THE BASICS: This 1989 musical version of Vicki Baum’s 1930 novel/play runs in repertory at the Festival Theatre in Niagara-on-the-Lake through October 14th. Eda Holmes directs a cast of twenty-six. The play, with its single intermission, runs roughly 2 ½ hours.
THUMBNAIL SKETCH: (courtesy of Wikipedia) The musical focuses on events taking place over the course of a weekend in an elegant hotel in 1928 Berlin. We follow the intersecting stories of the eccentric guests of the hotel, including a fading prima ballerina; a fatally ill Jewish bookkeeper, who wants to spend his final days living in luxury; a young, handsome, but destitute Baron; a cynical doctor; an honest businessman gone bad, and a typist dreaming of Hollywood success.
THE PLAY, THE PLAYERS AND THE PRODUCTION: The finished product now playing at the Shaw had a long and complicated gestation, over a period of more than 30 years! This version, with its book by Luther Davis, its music and lyrics by Robert Wright and George Forrest, and supplemented by Maury Yeston, was shepherded by Tommy Tune, who eventually won Tony awards for both his direction and choreography. Tune decided to steer the property back toward Ms. Baum’s original, jettisoning some elements of the classic M-G-M version (1932) with Garbo, John and Lionel Barrymore and Joan Crawford. While I do like the old, star studded, Oscar winning movie, I think it best to approach the stage musical as a completely separate entity.
The Luther Davis book is sturdy, and runs like a well-oiled machine under the careful supervision of director Holmes. How close it is to the original Baum novel and play I cannot say, having had no truck with either of them. Wright and Forrest, the veteran team that made a living adapting (some might say stealing) melodies from the great classical composers and providing them with lyrics (ie: KISMET (Borodin), SONG OF NORWAY (Grieg) and ANYA (Rachmaninov)) show here why they used to rely on those wonderful classical melodies. Not that Maury Yeston, responsible for more than a third of the score, has done much better. The title song does have a properly downbeat, CABARET-like quality to it, I’ll admit. The big love ballad, “Love Can’t Happen” (another Yeston) is very nice, but “borrows” melodically from a great BRIGADOON one, “From This Day On”.
Happily, Shaw production is blessed with strong performances in the various key roles. While James Daly’s Baron is a little on the callow side, he gives it everything he’s got, including a terrific set of pipes. His last number, “Roses At The Station”, is his best, really heartbreaking. Deborah Hay’s fading ballerina, Grushinskaya, is pretty much perfection, and Michael Therriault, who wowed us last year as the lead in ME AND MY GIRL, does it once again as Otto Kringlelein, the dying Jewish bookkeeper. Has this guy got range! Kudos also to Vanessa Sears as Flaemmchen, the typist in the cold water flat who dreams of Hollywood stardom. She is just magnetic here, even managing to make a big winner of her mediocre solo number, “Girl In The Mirror”. Though I sometimes have trouble with the color-blind casting the Shaw favors these days, the choice of Ms. Sears was, I feel, quite inspired. Also praiseworthy: James Turvey’s good-guy-goes-wrong businessman, Preysing; Patty Jamieson’s long-suffering companion, Raffaela; and the sinewy, ultra-graceful dancing of Matt Nethersole.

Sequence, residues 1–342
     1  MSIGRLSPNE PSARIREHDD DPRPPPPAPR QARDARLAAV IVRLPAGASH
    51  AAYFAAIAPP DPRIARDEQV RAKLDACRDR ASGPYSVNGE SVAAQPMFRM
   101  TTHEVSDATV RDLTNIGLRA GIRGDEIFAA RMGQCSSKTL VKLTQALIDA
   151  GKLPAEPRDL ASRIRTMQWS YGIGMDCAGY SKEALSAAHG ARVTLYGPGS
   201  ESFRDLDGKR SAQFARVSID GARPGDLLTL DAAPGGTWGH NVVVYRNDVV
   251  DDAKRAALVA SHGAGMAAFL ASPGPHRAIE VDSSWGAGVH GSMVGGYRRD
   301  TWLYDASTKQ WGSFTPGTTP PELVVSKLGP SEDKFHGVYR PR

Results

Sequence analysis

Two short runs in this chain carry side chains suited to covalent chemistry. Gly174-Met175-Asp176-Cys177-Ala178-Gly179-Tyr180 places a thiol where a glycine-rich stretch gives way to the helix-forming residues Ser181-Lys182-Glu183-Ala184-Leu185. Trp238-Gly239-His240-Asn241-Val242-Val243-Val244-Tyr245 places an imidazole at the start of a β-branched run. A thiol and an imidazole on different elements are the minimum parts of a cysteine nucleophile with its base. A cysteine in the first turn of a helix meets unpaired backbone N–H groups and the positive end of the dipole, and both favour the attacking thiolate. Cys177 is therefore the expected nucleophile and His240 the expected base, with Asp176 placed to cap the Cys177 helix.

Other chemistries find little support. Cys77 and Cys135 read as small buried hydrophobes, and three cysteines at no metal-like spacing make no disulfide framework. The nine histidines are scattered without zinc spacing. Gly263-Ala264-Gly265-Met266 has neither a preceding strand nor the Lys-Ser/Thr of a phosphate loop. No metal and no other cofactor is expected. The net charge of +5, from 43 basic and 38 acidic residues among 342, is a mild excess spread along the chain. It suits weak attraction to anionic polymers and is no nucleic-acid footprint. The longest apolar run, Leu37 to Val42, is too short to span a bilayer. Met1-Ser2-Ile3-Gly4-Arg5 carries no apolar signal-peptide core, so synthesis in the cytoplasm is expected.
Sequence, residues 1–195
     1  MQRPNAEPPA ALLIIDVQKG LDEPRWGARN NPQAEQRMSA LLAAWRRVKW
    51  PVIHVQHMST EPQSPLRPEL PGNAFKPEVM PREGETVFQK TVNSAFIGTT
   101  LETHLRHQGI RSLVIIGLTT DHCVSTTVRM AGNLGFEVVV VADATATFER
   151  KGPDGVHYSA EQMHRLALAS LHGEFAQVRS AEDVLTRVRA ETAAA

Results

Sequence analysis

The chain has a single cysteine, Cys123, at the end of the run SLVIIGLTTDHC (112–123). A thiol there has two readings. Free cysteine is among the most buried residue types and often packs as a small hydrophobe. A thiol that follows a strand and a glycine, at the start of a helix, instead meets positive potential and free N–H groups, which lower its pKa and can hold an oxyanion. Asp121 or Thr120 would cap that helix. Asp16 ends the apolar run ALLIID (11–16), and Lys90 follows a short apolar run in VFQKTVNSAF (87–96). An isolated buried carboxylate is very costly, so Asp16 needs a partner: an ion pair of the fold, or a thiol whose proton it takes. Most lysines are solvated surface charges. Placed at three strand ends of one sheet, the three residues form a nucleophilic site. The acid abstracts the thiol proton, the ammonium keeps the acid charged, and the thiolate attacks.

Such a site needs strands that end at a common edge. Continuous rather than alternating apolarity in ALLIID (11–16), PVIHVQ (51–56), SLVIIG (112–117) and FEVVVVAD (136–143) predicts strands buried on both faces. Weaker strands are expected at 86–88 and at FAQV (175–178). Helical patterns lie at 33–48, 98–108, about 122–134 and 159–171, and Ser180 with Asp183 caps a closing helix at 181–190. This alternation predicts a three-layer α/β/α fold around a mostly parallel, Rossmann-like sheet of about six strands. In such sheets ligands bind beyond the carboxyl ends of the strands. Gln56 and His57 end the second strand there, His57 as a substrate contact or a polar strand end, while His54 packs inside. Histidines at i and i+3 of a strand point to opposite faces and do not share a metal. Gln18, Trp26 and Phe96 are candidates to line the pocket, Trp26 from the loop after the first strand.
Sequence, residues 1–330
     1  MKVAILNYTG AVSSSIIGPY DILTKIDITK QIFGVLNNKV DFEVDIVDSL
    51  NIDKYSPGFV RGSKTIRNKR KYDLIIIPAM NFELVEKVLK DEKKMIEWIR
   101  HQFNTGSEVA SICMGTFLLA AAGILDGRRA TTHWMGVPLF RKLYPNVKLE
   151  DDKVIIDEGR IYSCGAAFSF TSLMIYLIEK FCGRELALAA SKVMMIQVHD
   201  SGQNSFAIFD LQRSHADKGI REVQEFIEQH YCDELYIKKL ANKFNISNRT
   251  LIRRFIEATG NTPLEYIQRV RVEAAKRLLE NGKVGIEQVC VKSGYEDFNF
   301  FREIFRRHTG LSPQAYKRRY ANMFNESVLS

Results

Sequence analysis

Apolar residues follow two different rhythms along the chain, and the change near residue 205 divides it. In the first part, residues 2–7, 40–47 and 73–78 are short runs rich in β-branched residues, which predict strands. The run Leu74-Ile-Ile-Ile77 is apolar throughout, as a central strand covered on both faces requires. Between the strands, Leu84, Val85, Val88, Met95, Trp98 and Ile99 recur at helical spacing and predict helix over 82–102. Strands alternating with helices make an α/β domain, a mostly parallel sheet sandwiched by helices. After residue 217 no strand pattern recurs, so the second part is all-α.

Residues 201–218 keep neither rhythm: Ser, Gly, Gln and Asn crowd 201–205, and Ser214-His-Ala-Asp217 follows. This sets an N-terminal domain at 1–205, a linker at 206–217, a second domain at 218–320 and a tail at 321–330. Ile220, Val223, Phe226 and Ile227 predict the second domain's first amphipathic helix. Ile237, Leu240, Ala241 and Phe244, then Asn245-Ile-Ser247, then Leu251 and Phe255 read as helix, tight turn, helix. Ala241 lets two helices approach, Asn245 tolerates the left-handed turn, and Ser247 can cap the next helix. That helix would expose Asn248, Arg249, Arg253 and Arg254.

Good miking insures that all the solo lines and lyrics are fully intelligible.
The set by Judith Bowden, with its chandelier and tall reflective columns, is simple but elegant, and changes dramatically in character with Kevin Fraser’s many-faceted lighting. A bare bones, rotatable, free standing set piece, representing the lobby bar, is used to great effect in the spirited ensemble number, “We’ll Take a Glass Together”. Good miking insures that all the solo lines and lyrics are fully intelligible. It is only in the group numbers that the (generally nothing special) lyrics get muddied, lost. Other production values, including costumes, choreography and the pit orchestra, are up to the Shaw’s usual high standards.
IN SUM: Strong, multi-stranded, character drama (unusual in musicals) executed by several top notch performers puts this GRAND HOTEL in the winner’s circle. If the score had been a couple of notches stronger, this might have gotten the full five buffalos. Even with its rather pedestrial one, HOTEL rates a solid
ONE BUFFALO: This means trouble. A dreadful play, a highly flawed production, or both. Unless there is some really compelling reason for you to attend (i.e. you are the parent of someone who is in it), give this show a wide berth.
TWO BUFFALOS: Passable, but no great shakes. Either the production is pretty far off base, or the play itself is problematic. Unless you are the sort of person who’s happy just going to the theater, you might look around for something else.
THREE BUFFALOS: I still have my issues, but this is a pretty darn good night at the theater. If you don’t go in with huge expectations, you will probably be pleased.
FOUR BUFFALOS: Both the production and the play are of high caliber. If the genre/content are up your alley, I would make a real effort to attend.
FIVE BUFFALOS: Truly superb–a rare rating. Comedies that leave you weak with laughter, dramas that really touch the heart. Provided that this is the kind of show you like, you’d be a fool to miss it!